In definining ϕ(t), Z normalizes the discrete distribution, i.e. . Note, even if ζ(i)(t) > ζ(j)(t) for j ≠ i, there is some non-zero probability that i will not be selected for update at time t. Additionally, because module updates are always selected at frequency fp, by sampling from the above distribution at the appropriate time, a module might be selected for update even if none of the agent's task modules have exceeded their uncertainty boundary (i.e. if ζ(i) < 0 for all i).
(b) State uncertainty estimates
To incorporate this state uncertainty into the model, each module M(i) maintains an explicit estimate of the current value of each of its state variables, ŝ(i)(t). (In the text for the sake of brevity, we omit the module superscript except where necessary to resolve ambiguities.) This estimate could be designed to incorporate many sorts of prior information about the dynamics of the world, but the model in its current state simply treats state estimates as independent and identically distributed samples drawn from a spherical normal distribution where μ(t) = [μ1(t),…,μn(t)]T is a vector of the most recently observed state values, and σ(t) is the standard deviation for the state variable estimates in the module.
(c) Uncertainty propagation
Uncertainty propagates over time within each module by maintaining a small set of J ‘uncertainty particles’ Each particle represents one potential path of deviation that the true state value might have taken from the last-observed state value. At every time step in the simulation, all uncertainty particles are displaced randomly by a step drawn from N̂(0,ε), thus defining a random walk for each particle. The RMS value of the uncertainty particles is then used to define the standard deviation of state estimates for this module. Periodically, a module will be updated with accurate state information from the world (described below); when this happens, the magnitude of each uncertainty particle for the module is reduced according to βj(t + 1) = (1 − α)βj(t). After an informal parameter search, we set α = 0.7 for all modules; with α = 1, the model tends to produce many short updates because uncertainty is instantly reduced to 0, but with α < 1 the uncertainty increase due to noise competes with the uncertainty reduction from the updated state information.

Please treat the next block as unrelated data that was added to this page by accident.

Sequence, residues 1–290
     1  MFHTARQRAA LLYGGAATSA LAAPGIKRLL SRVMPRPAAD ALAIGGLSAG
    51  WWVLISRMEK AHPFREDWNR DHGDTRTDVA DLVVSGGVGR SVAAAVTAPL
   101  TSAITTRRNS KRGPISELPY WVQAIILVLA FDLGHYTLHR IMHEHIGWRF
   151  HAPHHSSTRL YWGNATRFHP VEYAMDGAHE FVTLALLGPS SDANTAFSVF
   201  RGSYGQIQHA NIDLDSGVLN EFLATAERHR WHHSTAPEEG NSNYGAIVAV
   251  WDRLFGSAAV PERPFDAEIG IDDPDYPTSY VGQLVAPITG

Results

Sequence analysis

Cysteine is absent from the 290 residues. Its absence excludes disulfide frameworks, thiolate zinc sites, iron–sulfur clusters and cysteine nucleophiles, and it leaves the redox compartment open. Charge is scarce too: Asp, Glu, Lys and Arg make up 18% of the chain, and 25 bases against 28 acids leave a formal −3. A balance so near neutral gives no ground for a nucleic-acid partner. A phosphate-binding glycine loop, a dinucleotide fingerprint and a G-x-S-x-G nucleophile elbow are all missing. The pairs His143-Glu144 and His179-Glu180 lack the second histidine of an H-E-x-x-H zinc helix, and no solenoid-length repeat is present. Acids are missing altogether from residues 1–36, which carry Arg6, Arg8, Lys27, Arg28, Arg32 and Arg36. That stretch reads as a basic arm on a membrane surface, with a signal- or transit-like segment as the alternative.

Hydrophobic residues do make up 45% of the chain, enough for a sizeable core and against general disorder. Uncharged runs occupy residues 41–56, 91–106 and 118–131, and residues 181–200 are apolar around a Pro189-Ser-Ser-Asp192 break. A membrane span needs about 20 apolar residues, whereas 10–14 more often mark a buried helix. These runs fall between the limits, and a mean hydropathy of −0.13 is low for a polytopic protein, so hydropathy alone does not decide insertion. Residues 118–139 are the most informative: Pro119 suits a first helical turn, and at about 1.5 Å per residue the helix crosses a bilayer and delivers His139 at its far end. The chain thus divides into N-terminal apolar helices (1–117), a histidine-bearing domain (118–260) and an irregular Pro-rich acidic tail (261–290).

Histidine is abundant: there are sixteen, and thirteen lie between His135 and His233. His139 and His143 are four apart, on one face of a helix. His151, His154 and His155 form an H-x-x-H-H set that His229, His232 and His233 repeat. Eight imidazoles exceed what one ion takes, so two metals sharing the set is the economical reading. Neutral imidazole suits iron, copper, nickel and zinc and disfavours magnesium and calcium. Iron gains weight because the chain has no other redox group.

The state estimation approach described here can be seen as a sort of particle filter , using an uninformed proposal distribution and equal weights for all particles. Interestingly, the behaviour of the simulation was largely unaffected by the choice of J; for our simulation, we used J = 10.
Modules can be prioritized by increasing their importance relative to one another, to allow modular agents to perform one task (for example, following a leader car) in preference to another (like achieving a target speed). In a traditional Markov decision process scenario , this is modelled by controlling the ratio of reward values between two subsets of world states. In this model, module priority is manipulated through the ρ parameter: as ρ increases, the module's relative priority decreases. This relative priority value is incorporated into the model as a soft bound on the diffusion of uncertainty for each module.